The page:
march 21/RUN

6 miles
franklin loop
52 degrees

A very spring day today. Tomorrow, colder again. Rain and 40s. I overdressed — I didn’t need to the running tights. It was mostly overcast, but every so often I saw my shadow. Faint, but leading me. Ran the Franklin loop. My watch crashed less than 3 miles in. Either I get a new watch soon, or stop wearing a watch. I’m leaning towards not wearing a watch.

I got a “morning!” from Mr. Morning! and Dave the Daily Walker. An excellent start to my run. Encountered a few other runners, some walkers. Any bikes? I can’t remember. No roller skiers yet. The birds were LOUD! Heard some honking geese, then saw them flying low in a line. Heard at least one woodpecker, drumming.

note: re-reading the entry and the part about the LOUD birds, I’m struck by how quiet everything is now, at 1 pm. Where is all the birdsong that was here just minutes ago? Strange.

workers of the day

Nearing the marshall/lake street bridge from the northeast, I started to smell tar. Then I heard some deep voices on the hill at St. Thomas: “Go go go go!” then “woah” or “wow” or “alright” but not “stop” or “that’s enough.” I imagined someone was pouring the tar and someone else was telling them when to stop. Was that what was happening? It was too far away and hidden behind trees for me to see. What was the tar for? What exactly were they doing? Tarring a roof? Repaving a road? Were the workers wearing masks to protect them from the fumes?

Right before I started my run, I typed this here: A few lines from the poem to remember as I run:

have you forgotten the force that orders the world’s
and sets all cities in their sites, this nomad
pulling the sun and moon, placeless in all places,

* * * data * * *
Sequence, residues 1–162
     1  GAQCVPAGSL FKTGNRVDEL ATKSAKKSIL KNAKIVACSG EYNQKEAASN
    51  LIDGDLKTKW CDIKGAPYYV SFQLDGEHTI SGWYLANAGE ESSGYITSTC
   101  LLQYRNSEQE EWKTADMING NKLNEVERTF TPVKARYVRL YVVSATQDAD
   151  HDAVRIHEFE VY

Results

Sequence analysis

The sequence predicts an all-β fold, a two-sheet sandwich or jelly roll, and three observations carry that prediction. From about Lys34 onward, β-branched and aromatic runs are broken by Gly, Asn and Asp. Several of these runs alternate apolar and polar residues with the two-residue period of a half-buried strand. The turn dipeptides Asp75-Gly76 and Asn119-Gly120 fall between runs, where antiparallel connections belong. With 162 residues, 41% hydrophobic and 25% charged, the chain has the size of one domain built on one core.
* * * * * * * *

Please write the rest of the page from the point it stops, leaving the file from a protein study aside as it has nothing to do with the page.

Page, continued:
born with her stones, with her circular bird-voice,
carrying everywhere her quarters?

I decided to try and keep remembering (and noticing and studying) the river as I ran. Often, even as I know it’s there, I forget to notice it. Today, it was pale blue and mostly calm. I saw a reflection of the lake street bridge as I ran on the east side, but it wasn’t completely smooth — not the perfect, inverted bridge from another world I sometimes see. The banks were mostly brown, although there were a few white spots. Just past Meeker Island Dam, I heard a small waterfall. No boats or rowers. No ducks. Running above the river, I never got close enough to hear it. All I could hear were the cars driving by — on the river road, a bridge, the distant freeway. To me, it seemed as if they were trying to sound like a rushing river. I thought about how important the river is to Minneapolis and St. Paul, how roads, buildings, neighborhoods, industry are arranged around it and because of it (ordering the world, setting cities in its sites). I love how Oswald offered this wonderful description of the organizing/ordering force of the river, wedged between these two passages from the dairy worker.


I’m in a rationalised set-up, a Superplant. Everything’s stainless
and risk can be spun off by centrifugal motion: blood, excre-
ment, faecal matter from the farms

and after:

I’m in milk, 600,000,000 gallons a week.